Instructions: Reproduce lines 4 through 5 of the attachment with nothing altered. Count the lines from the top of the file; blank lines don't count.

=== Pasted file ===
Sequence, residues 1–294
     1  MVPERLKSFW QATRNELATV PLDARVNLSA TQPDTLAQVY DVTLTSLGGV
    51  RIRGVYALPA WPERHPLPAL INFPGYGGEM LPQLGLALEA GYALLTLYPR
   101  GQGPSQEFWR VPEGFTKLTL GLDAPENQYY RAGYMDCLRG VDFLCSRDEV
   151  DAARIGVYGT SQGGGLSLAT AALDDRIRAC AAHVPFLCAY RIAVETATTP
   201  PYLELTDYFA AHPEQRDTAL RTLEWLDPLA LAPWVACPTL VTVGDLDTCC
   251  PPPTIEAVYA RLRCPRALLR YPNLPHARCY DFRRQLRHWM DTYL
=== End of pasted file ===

   101  GQGPSQEFWR VPEGFTKLTL GLDAPENQYY RAGYMDCLRG VDFLCSRDEV
   151  DAARIGVYGT SQGGGLSLAT AALDDRIRAC AAHVPFLCAY RIAVETATTP